Readers Question: Why do the costs of living keep going up and our wages do not match it?
In recent years, many people have seen the cost of living rising faster than wages. This has led to a fall in real wages – wages increased less than inflation. This effectively means a fall in the number of money consumers have to spend on goods and services, leading to a decline in living standards.
- The cost of living measures the price of goods and services that we typically buy. This rise in the cost of living is measured by the inflation rate.
- If the inflation rate is higher than our nominal wage growth, then we see a decline in real wages. We are financially worse off.
This is not always the case. In the twentieth century, there was an unprecedented rise in living standards with the average wage of workers significantly increasing – enabling workers to be better off.
Ways to become worse off
- Inflation higher than wage growth – falling real wages
- Falling wages – and constant prices – leading to falling real wages
- Higher taxes, leading to less disposable income – disposable income measures after tax income. Your real wage may increase by 2%, but if income taxes rise 3%, your disposable income will be less.
- Higher living costs leading to less discretionary income. If you have to spend more on essential items, such as heating, insurance and travel costs, debt repayments – then the amount of money left over after spending on essentials falls. We say this is a fall in discretionary income (though people may use term disposable income). Again, you will feel worse off because there is less money left over to spend.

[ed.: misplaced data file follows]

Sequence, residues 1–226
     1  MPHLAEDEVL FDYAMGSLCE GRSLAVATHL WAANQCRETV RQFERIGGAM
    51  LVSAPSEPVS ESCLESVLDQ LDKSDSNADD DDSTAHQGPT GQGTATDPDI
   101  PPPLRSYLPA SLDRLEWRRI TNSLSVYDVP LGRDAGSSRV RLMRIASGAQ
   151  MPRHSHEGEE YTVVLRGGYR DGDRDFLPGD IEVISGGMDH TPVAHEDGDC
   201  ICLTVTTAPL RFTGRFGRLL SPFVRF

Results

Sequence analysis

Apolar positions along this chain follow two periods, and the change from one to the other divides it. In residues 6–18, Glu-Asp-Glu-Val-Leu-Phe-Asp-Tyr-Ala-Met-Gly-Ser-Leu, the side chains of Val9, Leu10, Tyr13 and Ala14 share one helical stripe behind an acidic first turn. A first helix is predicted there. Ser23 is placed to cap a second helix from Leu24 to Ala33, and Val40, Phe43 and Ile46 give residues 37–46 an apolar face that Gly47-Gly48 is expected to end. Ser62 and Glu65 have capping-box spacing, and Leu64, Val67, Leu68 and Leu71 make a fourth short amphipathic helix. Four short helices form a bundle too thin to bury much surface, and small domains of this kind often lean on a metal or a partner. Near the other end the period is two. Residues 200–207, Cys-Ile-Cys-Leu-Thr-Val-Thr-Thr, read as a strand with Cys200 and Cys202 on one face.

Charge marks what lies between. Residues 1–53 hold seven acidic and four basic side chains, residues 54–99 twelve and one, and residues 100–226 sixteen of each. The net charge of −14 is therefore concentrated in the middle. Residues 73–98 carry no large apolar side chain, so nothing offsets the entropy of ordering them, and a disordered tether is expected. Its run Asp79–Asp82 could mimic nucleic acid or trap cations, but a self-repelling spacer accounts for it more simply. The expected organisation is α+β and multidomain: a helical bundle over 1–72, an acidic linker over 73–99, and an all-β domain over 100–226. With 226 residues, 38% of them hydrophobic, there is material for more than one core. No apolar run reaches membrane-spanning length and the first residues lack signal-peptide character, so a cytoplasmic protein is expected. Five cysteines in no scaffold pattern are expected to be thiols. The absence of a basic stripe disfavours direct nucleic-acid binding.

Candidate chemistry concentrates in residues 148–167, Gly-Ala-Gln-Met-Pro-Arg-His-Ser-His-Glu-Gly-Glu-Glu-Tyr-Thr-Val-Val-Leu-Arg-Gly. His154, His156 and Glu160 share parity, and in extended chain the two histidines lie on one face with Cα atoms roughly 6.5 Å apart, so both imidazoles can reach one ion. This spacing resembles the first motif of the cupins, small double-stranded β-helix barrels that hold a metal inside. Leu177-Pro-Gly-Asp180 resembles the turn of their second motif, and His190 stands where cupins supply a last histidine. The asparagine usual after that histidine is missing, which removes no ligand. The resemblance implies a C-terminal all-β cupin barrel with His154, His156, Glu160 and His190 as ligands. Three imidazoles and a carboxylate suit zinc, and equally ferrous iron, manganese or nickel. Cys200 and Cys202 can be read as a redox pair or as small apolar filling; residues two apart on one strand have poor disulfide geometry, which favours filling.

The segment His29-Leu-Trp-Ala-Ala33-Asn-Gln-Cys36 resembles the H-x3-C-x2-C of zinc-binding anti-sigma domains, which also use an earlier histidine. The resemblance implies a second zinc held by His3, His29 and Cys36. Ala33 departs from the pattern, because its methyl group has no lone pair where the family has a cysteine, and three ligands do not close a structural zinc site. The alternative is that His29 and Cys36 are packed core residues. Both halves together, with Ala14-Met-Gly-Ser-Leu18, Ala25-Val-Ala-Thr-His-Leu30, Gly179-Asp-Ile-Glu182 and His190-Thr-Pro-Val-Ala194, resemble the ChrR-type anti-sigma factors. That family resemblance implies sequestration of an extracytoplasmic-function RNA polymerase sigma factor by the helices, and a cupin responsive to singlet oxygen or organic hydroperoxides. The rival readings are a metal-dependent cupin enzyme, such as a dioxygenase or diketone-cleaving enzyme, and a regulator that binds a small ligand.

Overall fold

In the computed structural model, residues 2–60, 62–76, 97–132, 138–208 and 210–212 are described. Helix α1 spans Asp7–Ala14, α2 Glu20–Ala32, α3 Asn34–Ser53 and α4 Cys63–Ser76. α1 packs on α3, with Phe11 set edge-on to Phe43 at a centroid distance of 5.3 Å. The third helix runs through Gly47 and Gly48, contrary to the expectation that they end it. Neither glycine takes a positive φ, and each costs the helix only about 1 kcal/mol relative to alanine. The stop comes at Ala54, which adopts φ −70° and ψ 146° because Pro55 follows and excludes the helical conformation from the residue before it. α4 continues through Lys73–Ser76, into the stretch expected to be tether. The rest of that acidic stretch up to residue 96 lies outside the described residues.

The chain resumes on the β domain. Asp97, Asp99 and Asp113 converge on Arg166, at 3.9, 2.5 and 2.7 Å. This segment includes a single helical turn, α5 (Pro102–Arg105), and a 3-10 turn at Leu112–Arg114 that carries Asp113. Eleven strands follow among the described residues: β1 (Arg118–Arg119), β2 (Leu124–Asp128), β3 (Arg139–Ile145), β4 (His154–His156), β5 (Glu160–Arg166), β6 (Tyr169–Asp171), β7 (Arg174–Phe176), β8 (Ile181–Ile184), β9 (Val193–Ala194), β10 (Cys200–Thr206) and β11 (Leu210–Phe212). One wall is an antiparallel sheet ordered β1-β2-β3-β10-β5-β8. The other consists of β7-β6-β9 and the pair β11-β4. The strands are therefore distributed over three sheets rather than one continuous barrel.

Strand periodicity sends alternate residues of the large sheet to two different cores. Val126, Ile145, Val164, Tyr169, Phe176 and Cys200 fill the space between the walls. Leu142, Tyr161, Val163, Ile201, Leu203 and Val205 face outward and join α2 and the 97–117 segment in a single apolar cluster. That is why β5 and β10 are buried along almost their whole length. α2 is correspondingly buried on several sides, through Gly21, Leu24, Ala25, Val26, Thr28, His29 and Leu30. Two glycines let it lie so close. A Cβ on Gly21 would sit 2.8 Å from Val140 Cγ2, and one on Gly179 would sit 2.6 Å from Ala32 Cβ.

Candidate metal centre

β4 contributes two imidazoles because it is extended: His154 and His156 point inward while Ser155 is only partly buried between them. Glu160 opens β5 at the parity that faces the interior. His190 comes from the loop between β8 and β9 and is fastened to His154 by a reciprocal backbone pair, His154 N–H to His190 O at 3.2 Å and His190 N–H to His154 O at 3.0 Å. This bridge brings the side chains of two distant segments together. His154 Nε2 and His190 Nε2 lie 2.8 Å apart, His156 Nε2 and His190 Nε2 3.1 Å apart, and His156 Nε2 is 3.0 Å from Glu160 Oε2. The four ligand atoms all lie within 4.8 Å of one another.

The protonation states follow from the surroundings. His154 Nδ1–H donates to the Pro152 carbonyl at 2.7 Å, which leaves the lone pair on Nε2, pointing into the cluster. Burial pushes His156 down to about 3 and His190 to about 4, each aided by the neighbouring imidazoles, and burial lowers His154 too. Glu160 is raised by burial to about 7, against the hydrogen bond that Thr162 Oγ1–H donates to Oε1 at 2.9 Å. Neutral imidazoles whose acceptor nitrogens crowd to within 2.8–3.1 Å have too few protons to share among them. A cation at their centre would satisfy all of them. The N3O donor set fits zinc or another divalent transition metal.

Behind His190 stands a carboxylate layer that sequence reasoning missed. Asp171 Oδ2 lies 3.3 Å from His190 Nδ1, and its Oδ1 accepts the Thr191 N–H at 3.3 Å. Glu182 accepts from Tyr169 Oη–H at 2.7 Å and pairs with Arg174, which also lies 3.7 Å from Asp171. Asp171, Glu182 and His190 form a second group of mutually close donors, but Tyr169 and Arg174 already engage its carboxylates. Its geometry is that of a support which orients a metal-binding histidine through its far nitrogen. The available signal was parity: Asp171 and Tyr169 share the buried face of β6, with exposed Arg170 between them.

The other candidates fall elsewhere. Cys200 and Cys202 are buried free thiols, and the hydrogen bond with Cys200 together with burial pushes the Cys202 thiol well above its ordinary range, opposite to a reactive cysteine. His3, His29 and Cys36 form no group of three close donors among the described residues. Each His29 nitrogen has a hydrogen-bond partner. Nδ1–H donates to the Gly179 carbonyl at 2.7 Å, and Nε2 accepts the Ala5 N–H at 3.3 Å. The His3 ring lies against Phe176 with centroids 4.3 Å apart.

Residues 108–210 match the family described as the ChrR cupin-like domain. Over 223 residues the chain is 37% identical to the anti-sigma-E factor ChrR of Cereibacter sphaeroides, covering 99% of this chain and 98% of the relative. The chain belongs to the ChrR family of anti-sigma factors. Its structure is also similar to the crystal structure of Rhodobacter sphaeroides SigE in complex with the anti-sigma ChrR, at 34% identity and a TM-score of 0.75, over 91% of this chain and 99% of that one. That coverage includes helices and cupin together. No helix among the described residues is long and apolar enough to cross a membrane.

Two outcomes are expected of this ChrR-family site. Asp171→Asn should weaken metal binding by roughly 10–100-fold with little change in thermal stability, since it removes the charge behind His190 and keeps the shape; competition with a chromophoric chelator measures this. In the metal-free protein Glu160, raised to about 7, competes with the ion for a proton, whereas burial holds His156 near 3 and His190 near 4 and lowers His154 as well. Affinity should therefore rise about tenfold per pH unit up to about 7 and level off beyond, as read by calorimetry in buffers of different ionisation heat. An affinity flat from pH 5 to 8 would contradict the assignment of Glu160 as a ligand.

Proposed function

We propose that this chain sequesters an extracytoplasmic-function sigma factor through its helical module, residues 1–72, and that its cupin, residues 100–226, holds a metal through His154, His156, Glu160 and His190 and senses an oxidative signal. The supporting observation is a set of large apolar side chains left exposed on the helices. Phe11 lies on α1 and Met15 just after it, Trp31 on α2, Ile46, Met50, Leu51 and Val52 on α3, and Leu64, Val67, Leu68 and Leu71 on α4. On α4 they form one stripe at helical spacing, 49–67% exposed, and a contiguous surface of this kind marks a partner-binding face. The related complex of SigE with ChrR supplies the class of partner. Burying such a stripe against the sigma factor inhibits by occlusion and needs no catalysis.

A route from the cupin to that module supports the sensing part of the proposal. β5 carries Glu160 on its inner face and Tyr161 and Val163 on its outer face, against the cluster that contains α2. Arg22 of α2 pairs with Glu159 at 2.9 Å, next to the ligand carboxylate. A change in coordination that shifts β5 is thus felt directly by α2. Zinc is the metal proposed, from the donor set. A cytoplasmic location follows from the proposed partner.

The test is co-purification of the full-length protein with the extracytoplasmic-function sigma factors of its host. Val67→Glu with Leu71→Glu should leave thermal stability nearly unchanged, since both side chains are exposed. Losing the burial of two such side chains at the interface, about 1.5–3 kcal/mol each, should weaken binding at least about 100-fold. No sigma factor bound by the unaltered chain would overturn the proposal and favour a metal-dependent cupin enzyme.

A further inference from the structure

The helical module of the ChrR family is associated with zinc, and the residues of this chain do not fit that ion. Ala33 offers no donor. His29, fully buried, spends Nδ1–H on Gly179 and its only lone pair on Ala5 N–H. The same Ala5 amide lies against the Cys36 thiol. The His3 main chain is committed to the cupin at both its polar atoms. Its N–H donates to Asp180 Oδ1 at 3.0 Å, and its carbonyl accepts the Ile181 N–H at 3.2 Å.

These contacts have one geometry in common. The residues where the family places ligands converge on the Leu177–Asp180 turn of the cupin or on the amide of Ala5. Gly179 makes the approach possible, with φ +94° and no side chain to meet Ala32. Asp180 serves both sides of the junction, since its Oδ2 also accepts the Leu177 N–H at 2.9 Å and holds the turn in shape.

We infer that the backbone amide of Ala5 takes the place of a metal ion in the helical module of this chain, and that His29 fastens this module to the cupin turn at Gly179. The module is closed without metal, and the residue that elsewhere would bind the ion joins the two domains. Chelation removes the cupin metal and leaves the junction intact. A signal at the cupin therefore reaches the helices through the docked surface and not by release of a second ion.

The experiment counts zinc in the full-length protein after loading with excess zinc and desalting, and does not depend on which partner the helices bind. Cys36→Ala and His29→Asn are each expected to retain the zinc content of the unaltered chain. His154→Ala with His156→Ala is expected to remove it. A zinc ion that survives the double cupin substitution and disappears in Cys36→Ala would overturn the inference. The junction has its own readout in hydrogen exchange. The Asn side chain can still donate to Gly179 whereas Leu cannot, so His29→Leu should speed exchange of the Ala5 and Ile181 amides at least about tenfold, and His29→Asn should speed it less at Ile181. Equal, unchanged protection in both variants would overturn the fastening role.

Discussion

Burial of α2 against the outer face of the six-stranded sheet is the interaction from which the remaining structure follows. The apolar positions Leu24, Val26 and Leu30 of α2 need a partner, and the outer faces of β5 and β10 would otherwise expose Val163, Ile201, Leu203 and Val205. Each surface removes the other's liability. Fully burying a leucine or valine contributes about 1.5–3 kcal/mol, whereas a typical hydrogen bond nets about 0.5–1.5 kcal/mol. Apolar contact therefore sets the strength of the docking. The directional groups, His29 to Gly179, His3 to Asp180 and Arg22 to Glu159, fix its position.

- Lower benefits. Many low-income people rely on government benefits, such as unemployment insurance, housing benefit or income support. If benefits fall behind inflation, this will create a fall in real income. This will be quite noticeable because people on low income are already stretched and have limited disposable income.
Falling real wages are quite rare in Western Europe since 1945. Typically we have seen positive economic growth and rising real incomes. People are definitely better off than 50 years ago. The graph below shows that since 2008, the rise in living standards has temporarily ended and become negative.
UK real wages
It is a similar situation in many other developed economies, such as US and Europe.
Reasons for falling real wages
Negative economic growth. If there is a recession – which means a fall in real GDP – then average incomes are likely to fall. Firms will be cutting wages and / or cutting jobs, therefore there will be a decline in living standards.
However, we can also see falling real wages during economic growth. An interesting feature of this recovery is that despite economic growth (rising real GDP), real incomes are still falling. How can real incomes fall, when there is positive economic growth?
I dealt with this in more detail at: Falling real wages during economic growth
But, one factor could be:
Firms giving a smaller percentage of their revenue in the form of wages. Instead, they could save money and be giving more dividends to shareholders.
This graph shows that in developed economies, wages have increased at a slower rate than productivity
Inequality of economic growth
Economic growth measures real GDP. However, this may only translate into higher real incomes for a small proportion of the population. Recent economic growth has led to a two-speed labour market, with growth in part-time, temporary contracts – which have seen lower wage growth than more highly skilled work.
Therefore, even when average real incomes are rising, a substantial proportion of the labour force may still see falling real incomes.